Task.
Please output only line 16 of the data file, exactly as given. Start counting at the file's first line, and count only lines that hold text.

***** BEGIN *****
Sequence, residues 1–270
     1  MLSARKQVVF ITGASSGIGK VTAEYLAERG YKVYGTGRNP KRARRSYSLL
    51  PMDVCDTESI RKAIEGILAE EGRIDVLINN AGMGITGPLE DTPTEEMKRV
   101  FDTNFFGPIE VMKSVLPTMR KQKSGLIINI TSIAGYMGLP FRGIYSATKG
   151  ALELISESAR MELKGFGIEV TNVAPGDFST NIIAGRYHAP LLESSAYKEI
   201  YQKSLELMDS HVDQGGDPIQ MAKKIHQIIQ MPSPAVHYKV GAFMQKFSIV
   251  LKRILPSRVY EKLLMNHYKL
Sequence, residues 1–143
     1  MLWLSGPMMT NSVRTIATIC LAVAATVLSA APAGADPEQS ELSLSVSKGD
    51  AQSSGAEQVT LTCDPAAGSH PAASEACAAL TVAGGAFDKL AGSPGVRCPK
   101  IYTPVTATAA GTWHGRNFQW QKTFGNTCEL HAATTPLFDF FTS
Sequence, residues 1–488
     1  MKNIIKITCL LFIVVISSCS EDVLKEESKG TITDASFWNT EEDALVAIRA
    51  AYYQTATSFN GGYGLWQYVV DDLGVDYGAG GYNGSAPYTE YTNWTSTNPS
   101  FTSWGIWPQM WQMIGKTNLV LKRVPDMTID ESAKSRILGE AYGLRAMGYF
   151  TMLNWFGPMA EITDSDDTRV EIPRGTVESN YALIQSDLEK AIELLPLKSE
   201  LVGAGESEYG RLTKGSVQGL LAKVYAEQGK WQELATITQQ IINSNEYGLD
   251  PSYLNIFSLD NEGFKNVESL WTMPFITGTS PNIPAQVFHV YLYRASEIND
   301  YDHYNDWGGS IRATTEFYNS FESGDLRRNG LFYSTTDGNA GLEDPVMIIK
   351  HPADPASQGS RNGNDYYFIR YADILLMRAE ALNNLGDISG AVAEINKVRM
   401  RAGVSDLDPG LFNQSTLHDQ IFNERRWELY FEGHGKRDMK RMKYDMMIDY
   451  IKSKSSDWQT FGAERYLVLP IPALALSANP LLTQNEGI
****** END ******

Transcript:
   151  TMLNWFGPMA EITDSDDTRV EIPRGTVESN YALIQSDLEK AIELLPLKSE